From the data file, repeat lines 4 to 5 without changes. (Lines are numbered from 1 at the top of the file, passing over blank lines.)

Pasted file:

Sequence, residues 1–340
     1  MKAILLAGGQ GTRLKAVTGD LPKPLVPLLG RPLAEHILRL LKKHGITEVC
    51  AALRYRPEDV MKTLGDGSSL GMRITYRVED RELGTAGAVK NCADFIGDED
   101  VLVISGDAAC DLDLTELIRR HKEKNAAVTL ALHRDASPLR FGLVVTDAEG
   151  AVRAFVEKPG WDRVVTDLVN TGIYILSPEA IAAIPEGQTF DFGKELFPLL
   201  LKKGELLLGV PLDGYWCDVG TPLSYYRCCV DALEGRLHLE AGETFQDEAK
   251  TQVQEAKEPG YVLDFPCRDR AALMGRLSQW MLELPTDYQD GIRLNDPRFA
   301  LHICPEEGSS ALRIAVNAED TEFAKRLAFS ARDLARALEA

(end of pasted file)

   101  VLVISGDAAC DLDLTELIRR HKEKNAAVTL ALHRDASPLR FGLVVTDAEG
   151  AVRAFVEKPG WDRVVTDLVN TGIYILSPEA IAAIPEGQTF DFGKELFPLL